The Anne Frank House is an (obvious) main attraction so the lines get long quickly. Arrive on a weekday morning just before it opens at 9am and you should be fine. The tour takes about an hour and is completely worth it, even if you do have to wait in a longer line. The  museum is interactive and nicely incorporates technology within the historical walls that held the Frank family together during theHolocaust. The exhibit does a beautiful job of educating visitors about Anne and her family's life, and most of the hidden rooms are open to stroll through.There are a few moments during the tour where I looked around and tried to imagine how it would be to live in these small spaces with eight other peopleand very little sunlight. Among other insights, the museum certainly reiterates the strength of the human spirit in times of captivity. Upon exiting, visitors are invited to send an email to a loved one from the museum's gift shop area. Anne would have loved that.

The Van Gogh Museum is in a beautiful building near Vondel Park. Obviously, it houses the work of Vincent and his large collection of talent. The exhibition smartly takes you through Van Gogh's life and the different phases of his artistic development based on where he lived. The museum also incorporates other artists who were inspired by Van Gogh, including Gauguin, Manet, Pissarro, Monet and the others who lived in their shadows. One of the best things about this museum is that because so many works are familiar, you instantly feel like you know something even if the period, date and place escapes memory. The lines get pretty long, but it's worth it as this is the only Van Gogh Museum in the world. Be sure to leave with both ears!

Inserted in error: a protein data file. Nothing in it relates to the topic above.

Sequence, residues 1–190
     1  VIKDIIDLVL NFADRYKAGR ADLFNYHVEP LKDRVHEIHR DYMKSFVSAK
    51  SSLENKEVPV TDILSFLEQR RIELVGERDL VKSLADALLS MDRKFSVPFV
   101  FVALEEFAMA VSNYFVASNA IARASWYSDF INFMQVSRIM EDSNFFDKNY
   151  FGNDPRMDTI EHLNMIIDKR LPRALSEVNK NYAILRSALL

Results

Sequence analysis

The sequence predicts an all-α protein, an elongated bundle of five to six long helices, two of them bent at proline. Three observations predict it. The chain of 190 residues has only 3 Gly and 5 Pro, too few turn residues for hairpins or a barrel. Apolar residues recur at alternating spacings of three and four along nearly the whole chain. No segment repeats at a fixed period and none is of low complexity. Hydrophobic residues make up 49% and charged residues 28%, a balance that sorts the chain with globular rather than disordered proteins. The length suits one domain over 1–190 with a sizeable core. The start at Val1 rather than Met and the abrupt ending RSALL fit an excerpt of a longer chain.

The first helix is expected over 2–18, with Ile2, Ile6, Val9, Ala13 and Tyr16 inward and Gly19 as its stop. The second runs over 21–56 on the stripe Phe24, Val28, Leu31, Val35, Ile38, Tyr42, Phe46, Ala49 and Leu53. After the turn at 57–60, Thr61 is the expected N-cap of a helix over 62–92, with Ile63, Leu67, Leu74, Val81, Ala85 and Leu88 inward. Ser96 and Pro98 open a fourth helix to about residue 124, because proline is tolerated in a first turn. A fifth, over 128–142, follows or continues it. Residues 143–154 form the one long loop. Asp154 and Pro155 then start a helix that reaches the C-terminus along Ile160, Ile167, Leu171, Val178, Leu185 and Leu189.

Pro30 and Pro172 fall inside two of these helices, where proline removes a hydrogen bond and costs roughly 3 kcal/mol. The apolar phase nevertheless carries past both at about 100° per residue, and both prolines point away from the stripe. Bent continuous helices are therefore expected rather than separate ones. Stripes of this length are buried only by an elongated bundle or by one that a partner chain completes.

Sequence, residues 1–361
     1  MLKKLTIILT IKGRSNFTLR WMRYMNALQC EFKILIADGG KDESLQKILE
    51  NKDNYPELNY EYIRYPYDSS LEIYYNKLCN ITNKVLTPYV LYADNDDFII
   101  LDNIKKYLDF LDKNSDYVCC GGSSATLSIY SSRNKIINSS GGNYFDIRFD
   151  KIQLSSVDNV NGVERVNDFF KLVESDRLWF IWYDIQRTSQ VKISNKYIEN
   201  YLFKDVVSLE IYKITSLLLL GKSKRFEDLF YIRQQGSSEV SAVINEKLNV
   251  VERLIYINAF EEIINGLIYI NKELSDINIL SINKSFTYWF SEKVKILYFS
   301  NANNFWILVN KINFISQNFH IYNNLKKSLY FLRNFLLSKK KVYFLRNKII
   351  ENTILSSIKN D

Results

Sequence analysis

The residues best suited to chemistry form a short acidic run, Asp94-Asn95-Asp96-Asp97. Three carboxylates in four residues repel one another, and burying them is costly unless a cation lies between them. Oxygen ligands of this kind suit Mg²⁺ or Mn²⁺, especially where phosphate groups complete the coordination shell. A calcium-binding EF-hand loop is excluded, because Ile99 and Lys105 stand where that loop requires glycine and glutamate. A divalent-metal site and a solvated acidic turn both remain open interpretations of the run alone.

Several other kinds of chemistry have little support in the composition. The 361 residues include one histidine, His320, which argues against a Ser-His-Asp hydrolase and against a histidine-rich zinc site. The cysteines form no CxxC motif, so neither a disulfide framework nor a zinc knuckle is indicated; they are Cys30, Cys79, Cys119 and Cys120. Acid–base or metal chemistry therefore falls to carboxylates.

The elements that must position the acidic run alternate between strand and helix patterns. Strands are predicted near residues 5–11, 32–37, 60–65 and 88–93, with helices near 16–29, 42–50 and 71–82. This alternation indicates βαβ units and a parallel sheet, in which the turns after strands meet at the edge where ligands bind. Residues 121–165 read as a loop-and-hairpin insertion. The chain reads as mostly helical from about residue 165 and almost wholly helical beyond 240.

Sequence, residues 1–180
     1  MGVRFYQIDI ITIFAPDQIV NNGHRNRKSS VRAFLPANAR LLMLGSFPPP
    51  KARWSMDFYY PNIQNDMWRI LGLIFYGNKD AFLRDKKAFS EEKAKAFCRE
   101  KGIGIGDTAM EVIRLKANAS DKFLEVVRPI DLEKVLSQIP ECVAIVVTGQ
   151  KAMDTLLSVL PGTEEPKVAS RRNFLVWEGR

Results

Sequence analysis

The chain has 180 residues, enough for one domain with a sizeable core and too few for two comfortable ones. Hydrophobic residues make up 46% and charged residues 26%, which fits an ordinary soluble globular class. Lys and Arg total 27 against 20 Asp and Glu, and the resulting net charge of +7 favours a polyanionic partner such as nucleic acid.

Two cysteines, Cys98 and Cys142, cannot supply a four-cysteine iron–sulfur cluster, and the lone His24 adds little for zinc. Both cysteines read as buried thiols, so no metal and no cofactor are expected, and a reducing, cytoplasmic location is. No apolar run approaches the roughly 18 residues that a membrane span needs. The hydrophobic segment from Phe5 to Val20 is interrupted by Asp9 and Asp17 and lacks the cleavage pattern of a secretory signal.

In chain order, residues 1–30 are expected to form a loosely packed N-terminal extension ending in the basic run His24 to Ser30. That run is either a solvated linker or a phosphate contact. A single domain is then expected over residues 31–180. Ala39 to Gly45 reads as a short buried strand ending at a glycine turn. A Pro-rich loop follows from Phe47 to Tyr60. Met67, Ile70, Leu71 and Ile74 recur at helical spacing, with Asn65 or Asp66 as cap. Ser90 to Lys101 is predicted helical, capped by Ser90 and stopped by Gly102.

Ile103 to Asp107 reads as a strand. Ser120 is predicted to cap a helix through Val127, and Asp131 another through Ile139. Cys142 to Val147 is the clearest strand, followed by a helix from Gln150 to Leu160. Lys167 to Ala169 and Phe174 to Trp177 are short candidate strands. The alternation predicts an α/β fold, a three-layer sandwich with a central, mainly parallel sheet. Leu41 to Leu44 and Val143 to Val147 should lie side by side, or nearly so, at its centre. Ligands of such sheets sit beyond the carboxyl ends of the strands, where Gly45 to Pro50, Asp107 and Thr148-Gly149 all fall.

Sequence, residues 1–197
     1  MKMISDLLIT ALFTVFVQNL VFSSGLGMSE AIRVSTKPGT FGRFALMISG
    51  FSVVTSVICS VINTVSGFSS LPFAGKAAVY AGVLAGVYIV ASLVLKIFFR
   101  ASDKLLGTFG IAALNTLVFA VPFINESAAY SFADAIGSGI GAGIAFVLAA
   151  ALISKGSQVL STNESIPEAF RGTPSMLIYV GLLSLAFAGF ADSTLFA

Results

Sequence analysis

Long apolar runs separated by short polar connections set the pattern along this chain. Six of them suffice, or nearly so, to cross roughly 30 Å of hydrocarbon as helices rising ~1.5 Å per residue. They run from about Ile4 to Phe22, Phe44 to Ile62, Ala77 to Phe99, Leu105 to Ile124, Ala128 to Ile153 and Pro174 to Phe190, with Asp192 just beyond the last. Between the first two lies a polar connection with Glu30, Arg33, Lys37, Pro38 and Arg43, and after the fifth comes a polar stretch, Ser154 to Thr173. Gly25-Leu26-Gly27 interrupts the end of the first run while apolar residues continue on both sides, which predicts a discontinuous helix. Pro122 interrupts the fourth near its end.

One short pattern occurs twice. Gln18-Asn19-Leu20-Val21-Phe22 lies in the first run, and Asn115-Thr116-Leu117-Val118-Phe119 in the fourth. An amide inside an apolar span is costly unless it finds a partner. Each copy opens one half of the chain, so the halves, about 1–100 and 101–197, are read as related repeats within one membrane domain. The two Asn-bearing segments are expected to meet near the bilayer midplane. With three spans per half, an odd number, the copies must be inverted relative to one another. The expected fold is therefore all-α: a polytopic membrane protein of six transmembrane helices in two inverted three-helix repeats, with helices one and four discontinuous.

Visiting the Rijksmuseum brings the era of Dutch power to life. The walls are covered with great artists that explored the use of light in paintings. Tabletops showcase exquisite vases, platters and house wares that were inspired (or possibly "borrowed") from far-off travels. Swords, armory and sailing compasses that were used on the wild seas adorn walls and bookshelves. And numerous other valuables may make you think, "Hey, I didn't know that was from the Netherlands!" But yes, it is in fact a Dutch creation, and no, you may not touch it.

The Rijksmuseum is manageable and interesting, and provides an enjoyable understanding of the Netherlands through the centuries.The rotating and permanent exhibits both deserve attention. And the gift shop offers everything you didn't know you wanted. This museum is a great place to spend an hour or so upon arrival in the city to better appreciate Dutch history and life.

Drugs in coffee shops. Bikes ruling the roads. Women in the Red Light District. The obvious observations about Amsterdam are sex, drugs and bike n' roll. After hitting the main attractions, an enjoyable part of walking down the streets is taking little peeks into the lace-trimmed windows of private Dutch homes. And although this sounds creepy, the Dutch actually EXPECT peering eyes into their homes - they view it as a compliment. Seriously! Unlike other places where one may walk around at dusk, peering into neighbors home out of curiosity that borders on snooping (just a warning if I'm in your area...), the Dutch are known for being proud of their homes and therefore take pride in decorating, arranging and demonstrating how they live. It's okay to look in windows and peer in on a lovely room, but fair warning: don't leave any fingerprints on the glass.That's rude.

Amsterdam was my home base for nearly two weeks as I traveled to other European destinations, so I spent about five days total in the city limits. But I feel like I figured the place out in the first three days. Definitely worth hitting the highlights of the city and to cross it off the list of places to visit in the world. But compared to Barcelona, Rome, Florence, Paris and Corsica... it's not a city I need to comeback to regularly. Unless I get a new European bike!